There’s room for bad British and German actors just as there are good American and Nigerian actors. There are good telly actors and bad theatrical actors but what’s unmistakable isn’t just talent but also the amount of training to care for and refine it.

That’s like the difference between somebody who’s talented at writing but learnt things on the go and somebody who’s also talented but is also formally trained. Not a good analogy but it explains things.

The Bloody Bertinelli

Keep in mind that not all Italian American characters are portrayed rather stereotypically, especially with the likes of Zatanna and The Punisher but then again while their ethnicity’s thankfully an afterthought to who they are and what they do, that can’t be said of Helena Bertinelli. Even if she’s not a criminal, her mafia ties are almost always emphasised.

It’s not always the case but it’s cliched. According to some North Americans of Italian descent, Helena is a walking stereotype. To one red-haired Italian Canadian, she’s really stereotypical. Not only are the Italian mafia xenophobic to blacks but associating Southern Italians with Africans (especially North Africans) doesn’t do good either.

True not all Italians are swarthy in the same manner not all Italians are gangsters nor are into pasta and stuff. One blogger Ragnell noted that she’s like an exaggerated combination of Italian American cliches that it can be hard to take her seriously.

As somebody whose introduction to Italian culture were from luminaries like Mina Mazzini, Eiffel 65 and Dante Alighieri, I’d agree. I’m not even an Italian citizen but it’s rather depressing that some people’s introductions to Italiana were from a cliched character.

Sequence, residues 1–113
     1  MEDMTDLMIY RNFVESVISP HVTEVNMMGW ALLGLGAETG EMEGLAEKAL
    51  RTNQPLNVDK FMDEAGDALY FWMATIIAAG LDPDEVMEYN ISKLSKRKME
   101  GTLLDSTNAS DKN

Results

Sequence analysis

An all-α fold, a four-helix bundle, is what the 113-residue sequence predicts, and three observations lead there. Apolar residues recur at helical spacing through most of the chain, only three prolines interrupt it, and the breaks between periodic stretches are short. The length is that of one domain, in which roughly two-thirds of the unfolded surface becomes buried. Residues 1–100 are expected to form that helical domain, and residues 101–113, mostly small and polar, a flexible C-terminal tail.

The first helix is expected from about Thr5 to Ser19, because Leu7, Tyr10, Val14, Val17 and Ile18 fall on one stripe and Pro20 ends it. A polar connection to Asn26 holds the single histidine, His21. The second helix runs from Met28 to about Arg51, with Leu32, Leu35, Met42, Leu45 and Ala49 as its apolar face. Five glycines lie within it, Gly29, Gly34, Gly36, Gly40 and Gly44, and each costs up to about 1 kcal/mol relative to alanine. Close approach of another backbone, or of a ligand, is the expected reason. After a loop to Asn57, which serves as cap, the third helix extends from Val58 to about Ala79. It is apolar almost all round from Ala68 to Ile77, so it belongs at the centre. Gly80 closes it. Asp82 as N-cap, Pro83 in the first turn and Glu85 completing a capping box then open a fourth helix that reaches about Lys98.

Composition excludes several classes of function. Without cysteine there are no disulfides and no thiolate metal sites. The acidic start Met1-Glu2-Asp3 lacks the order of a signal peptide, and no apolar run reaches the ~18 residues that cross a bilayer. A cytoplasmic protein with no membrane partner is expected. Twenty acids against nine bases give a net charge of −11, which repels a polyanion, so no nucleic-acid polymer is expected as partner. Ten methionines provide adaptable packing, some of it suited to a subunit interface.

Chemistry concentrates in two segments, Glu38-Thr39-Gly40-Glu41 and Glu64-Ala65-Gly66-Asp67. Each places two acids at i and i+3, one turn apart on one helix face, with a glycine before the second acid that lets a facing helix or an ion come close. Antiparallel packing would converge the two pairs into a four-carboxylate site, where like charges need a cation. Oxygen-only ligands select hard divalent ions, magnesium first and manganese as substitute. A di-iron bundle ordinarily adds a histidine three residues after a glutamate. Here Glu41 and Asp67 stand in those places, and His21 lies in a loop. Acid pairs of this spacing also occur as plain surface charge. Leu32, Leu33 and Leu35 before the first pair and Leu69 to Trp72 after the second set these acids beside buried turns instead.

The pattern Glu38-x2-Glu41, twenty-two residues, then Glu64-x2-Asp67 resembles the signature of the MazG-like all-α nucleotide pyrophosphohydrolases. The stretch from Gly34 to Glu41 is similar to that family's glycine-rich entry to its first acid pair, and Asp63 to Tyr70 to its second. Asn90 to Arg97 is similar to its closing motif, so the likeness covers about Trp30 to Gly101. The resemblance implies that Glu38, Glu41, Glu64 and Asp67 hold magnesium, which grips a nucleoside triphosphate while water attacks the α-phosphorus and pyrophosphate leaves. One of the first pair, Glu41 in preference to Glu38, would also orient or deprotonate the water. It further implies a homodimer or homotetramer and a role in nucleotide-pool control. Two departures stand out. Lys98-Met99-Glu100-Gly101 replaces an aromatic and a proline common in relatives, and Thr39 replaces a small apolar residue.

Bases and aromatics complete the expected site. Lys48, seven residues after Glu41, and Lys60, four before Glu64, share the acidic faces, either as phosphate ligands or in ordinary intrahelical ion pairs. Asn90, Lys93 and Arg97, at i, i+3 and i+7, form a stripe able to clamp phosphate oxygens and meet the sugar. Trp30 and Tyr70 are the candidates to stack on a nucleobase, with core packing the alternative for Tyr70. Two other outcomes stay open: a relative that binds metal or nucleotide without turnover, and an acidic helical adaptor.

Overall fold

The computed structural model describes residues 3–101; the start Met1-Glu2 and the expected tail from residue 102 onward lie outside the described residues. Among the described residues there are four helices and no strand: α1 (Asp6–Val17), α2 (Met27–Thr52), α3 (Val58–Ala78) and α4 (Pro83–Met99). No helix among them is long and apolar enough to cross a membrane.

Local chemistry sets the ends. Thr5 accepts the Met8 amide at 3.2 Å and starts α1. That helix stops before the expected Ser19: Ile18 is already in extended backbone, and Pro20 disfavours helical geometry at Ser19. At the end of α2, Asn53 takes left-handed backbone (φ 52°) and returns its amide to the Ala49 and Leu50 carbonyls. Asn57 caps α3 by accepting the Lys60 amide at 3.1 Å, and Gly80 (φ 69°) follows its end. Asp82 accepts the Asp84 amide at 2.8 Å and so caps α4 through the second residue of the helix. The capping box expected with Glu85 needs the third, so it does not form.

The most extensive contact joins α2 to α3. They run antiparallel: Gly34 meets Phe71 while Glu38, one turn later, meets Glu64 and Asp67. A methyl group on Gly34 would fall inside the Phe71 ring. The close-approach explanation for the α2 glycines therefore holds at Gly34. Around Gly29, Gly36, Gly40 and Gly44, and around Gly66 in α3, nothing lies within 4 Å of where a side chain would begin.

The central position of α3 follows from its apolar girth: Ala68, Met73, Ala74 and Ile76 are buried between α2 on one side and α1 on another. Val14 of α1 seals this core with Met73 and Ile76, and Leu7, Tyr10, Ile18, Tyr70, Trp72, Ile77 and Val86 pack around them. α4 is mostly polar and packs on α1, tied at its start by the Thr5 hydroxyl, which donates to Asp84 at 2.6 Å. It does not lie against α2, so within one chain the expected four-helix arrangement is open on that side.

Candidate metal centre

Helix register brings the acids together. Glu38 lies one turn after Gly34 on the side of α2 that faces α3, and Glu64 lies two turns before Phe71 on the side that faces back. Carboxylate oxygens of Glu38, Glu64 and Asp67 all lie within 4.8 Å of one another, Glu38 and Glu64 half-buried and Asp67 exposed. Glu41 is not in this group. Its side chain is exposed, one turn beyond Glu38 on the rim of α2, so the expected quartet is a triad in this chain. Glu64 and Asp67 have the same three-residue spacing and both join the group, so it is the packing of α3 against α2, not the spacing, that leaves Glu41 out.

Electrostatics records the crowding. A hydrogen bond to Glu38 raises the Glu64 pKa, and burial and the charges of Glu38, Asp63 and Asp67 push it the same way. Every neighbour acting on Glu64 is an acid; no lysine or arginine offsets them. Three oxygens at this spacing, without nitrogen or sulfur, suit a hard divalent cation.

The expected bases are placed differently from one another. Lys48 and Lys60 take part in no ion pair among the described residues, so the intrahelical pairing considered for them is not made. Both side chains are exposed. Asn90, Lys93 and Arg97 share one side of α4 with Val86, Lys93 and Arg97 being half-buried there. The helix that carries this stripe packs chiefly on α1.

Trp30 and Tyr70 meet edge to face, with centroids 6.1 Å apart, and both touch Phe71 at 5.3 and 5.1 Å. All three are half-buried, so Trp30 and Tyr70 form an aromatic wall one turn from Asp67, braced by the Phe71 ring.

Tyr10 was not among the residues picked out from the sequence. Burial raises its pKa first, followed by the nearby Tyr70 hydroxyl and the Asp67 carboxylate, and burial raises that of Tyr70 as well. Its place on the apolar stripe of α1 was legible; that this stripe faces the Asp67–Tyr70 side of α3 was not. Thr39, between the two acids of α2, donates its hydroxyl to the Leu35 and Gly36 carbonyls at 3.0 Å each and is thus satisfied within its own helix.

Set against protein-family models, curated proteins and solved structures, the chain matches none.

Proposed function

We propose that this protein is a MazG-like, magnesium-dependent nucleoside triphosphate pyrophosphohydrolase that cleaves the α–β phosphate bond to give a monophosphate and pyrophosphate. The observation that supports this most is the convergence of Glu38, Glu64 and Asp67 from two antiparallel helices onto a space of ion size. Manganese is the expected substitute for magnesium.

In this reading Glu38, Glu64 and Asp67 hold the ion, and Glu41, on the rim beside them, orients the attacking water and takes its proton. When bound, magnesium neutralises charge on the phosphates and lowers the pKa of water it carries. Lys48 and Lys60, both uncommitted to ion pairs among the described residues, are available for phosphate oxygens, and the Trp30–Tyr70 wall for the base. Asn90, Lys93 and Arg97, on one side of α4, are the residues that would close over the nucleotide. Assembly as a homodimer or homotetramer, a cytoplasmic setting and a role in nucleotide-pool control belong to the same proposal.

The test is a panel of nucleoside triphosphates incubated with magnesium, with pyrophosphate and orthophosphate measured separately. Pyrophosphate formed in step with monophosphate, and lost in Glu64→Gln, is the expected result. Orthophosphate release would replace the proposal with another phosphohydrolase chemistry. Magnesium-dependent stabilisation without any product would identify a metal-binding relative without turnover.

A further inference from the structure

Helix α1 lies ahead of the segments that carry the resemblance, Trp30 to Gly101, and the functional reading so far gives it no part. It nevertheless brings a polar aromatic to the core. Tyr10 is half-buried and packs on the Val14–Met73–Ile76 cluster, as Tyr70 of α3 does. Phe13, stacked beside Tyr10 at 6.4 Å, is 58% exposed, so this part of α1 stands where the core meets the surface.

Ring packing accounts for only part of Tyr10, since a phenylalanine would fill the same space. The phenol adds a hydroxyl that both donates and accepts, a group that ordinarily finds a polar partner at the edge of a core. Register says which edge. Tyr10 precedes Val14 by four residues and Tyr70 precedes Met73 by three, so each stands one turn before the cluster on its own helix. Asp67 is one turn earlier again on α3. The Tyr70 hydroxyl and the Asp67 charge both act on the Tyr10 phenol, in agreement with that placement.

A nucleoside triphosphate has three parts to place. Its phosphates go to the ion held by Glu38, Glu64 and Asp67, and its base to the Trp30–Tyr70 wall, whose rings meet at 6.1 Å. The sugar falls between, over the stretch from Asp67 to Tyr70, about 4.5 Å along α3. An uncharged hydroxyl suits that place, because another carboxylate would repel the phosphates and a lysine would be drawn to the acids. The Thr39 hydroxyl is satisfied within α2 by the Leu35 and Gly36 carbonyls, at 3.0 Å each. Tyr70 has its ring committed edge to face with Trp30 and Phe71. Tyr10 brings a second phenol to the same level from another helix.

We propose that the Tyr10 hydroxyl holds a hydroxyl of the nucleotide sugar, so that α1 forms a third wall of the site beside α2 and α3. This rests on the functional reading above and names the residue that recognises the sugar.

She’s not bad, just frustrating.


Whither the stereotypical Jew

There are undoubtedly Jewish stereotypes for as long as it exists in relation to the Gentile majority and vice versa if you read the Old Testament and/or live among Jews. What has changed is how Jewish stereotypes are presented over the years. At some point or another Jews were distinguished by wearing strange hats!

That or them wearing yellow stars and even red hair! (It still does exist to some extent with South Park’s Kyle.) It seems the red-haired Jew of medieval yore has been supplanted by the red-haired Gael. That itself isn’t any better as most Scots and Irish are dark-haired themselves too.

Perhaps the most persistent would be having big noses but that itself isn’t unique to Jews and even Arabs, Armenians, Native Americans, Indians and Italians don’t always have large hooked noses either. (Sometimes it’s just a hooked medium nose.)

Other than that is usury, which originated in the Middle Ages as some churches forbade moneylending for most people. Most Jews probably aren’t like this either. It’s even forbidden in both Jewish literature and law.

Sometimes new stereotypes happen, which only makes other Jews want to fight it anyways.


What will curb plagiarism

As I predicted, as there are growing lawsuits against plagiarism and even laws one shouldn’t be surprised that some musicians’ songs get rejected for being too familiar (and illegally so). Should a big plagiarism scandal ever occur, it would expose many musicians and have some quit for good. Those that remain would have to rely on the public domain just to be careful.

That’s also one of the few situations, perhaps the only situation, where a musician can get away with not writing its own song and not be bothered by both legal and artistic concerns. One wonders if it can also be applied to dress and video. Predictably they too will be inspired by the public domain a lot.

Several years later, the line between folk and pop music would be blurred out of legal necessity. Musicians won’t be allowed to plagiarise the copyrights of a still living person by then.